Local disease control for surgical treatment of early glottic carcinoma varies in different studies, from 6% to 11.2% [20, 23, 24]. In our study, recurrent malignancy was noted in 7.7% patients in endoscopic laser cordectomy group and in 9.1% in open cordectomy group. Comparing different surgical approaches, Karatzanis et al. had 5-year disease-specific survival of 96.5% for T1a cases and no statistically significant differences noted between different types of procedures: cordectomy and transoral laser microsurgery [11]. Motta et al. published survival rate of 85% and adjusted survival rate of 97% in 432 T1aN0 M0 patients treated with transoral laser microsurgery. If the outcome was lethal, causes of death were other diseases (9.2%), secondary tumor (7.4%), local recurrence (3.5%), nodal recurrence (0.5%), and distant metastasis (0.2%) [25]. In our study cause of death was other diseases in 8.47% cases and local recurrence in 1.7%. Five-year overall survival and recurrence-free and disease-specific survival were over 90% for both groups. Complications were more frequent in patients treated with open cordectomy. de Diego et al. [26] in the series of 104 patients treated with cordectomy through laryngofissure had serohematoma in 26.9%, wound infection in 6.7%, postoperative bleeding in 5.8%, wound dehiscence in 3.8%, and pharyngocutaneous fistula in 1% of the patients.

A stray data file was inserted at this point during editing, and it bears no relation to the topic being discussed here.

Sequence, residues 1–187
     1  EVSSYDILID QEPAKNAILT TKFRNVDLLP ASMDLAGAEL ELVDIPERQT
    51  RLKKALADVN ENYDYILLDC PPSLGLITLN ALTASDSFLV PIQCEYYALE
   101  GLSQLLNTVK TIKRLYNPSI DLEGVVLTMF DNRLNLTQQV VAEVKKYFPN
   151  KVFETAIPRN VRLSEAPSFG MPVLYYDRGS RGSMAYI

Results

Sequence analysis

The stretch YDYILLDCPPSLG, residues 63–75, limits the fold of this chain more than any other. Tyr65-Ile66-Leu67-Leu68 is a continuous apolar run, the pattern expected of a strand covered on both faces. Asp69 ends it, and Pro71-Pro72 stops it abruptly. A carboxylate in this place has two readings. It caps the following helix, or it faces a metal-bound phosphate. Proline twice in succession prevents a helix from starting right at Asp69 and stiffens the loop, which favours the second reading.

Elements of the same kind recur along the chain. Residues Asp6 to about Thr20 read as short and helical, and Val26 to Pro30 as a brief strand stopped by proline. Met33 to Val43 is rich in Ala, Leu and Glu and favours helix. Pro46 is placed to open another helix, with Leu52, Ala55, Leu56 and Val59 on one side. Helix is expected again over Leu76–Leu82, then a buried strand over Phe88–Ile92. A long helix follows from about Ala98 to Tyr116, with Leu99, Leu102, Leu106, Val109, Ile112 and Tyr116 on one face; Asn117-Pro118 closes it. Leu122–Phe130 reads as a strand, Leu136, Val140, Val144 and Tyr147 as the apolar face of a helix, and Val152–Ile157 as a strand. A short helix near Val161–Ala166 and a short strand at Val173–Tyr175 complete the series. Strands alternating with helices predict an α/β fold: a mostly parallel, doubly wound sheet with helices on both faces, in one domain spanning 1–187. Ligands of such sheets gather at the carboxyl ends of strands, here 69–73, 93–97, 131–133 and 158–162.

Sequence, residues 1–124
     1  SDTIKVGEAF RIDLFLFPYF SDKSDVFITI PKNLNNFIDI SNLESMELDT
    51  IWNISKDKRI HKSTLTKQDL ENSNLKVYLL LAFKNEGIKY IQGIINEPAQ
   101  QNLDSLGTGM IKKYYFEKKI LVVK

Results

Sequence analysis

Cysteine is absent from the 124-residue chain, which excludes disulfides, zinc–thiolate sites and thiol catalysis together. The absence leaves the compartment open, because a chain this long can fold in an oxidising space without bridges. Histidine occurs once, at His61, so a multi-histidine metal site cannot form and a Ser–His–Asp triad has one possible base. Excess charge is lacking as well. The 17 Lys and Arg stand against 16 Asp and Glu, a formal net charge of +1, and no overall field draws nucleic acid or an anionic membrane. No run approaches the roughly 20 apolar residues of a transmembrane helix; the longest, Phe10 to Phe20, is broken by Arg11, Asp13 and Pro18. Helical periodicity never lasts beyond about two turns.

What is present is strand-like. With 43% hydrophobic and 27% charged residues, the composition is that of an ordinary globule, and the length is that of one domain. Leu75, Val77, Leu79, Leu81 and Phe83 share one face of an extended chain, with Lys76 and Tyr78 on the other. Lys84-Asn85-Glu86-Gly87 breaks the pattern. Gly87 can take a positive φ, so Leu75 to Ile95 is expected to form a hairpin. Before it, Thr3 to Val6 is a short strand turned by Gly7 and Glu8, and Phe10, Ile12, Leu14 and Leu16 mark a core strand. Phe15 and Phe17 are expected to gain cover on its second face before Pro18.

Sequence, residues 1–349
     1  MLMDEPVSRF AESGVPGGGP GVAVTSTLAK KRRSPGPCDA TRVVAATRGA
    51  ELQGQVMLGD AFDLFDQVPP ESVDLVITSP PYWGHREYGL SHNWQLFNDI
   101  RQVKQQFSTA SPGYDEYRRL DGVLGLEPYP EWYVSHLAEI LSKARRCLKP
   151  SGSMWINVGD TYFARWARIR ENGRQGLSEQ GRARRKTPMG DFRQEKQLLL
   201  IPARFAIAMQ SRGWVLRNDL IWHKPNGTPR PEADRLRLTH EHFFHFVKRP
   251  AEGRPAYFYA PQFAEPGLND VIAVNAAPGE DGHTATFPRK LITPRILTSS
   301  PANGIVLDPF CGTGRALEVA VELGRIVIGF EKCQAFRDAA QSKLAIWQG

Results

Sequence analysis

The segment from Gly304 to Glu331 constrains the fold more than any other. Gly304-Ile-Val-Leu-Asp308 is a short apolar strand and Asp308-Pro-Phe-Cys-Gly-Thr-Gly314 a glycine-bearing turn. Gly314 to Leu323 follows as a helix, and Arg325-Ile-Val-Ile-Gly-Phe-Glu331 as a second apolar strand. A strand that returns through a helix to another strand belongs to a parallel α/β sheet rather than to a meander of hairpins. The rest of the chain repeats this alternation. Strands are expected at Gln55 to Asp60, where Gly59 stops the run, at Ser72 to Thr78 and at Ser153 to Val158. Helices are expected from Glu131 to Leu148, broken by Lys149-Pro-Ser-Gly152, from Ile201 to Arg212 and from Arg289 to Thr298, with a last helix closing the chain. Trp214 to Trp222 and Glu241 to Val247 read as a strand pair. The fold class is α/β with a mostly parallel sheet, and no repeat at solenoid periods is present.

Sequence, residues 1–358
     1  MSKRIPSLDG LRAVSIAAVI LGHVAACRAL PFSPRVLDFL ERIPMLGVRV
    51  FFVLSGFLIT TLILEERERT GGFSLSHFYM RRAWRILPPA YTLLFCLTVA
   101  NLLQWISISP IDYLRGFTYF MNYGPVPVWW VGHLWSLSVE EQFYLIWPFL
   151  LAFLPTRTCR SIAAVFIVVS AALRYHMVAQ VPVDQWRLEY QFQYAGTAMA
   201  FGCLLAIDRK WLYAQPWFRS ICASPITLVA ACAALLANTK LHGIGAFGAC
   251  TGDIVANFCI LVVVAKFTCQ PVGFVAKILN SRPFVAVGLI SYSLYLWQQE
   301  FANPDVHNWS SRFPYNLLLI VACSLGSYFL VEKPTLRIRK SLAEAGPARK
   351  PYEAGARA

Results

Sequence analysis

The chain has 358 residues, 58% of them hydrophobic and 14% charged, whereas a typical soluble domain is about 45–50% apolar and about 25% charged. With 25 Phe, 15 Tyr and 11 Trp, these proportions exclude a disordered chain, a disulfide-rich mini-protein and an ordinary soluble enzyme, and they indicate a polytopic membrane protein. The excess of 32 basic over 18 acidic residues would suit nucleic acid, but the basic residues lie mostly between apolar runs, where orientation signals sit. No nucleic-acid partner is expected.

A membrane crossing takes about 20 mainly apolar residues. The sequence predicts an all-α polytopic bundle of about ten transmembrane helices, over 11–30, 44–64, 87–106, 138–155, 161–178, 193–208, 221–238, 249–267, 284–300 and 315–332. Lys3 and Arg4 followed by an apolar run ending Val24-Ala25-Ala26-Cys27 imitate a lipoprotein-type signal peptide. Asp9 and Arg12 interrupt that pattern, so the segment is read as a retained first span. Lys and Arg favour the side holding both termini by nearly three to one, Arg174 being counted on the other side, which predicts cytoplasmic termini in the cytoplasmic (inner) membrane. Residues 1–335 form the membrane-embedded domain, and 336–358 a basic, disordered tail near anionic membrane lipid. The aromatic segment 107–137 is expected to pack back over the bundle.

Regarding stroboscopic evaluation, there is a greater incidence of structural abnormalities (scar tissue, granuloma, and anterior commissure web) and functional problems (incomplete closure, abnormal mucosal wave, and vocal fold immobility) in greater resections than in lesser resections, leaving a bigger portion of functional muscle [7, 21]. Development of a vocal fold scar tissue was described 6 months after surgical injury [27]. Improvements in the amplitude of mucosal wave were visible 6 months after the procedure and continue to improve up to 14 months after the procedure [28]. Our clinical assessments by stroboscopy closely correlated with vocal analysis results. Studies examining the vocal parameters in patients treated with laser cordectomy noted that fundamental frequency (F0) tends to be higher in patients for more extended resections [22, 2931]. Postoperatively, the voice changes significantly because of the removal of the vibrating tissue of the vocal cord in patients treated with open cordectomy and laser cordectomy, with lower mass leading to higher fundamental frequencies. In our study, F0 showed a tendency of decreasing postoperatively, but these values were still higher than those in normophonic speakers. Functional outcomes were related to the extent of necessary resection and vibratory pattern of the treated vocal fold detected by stroboscopy.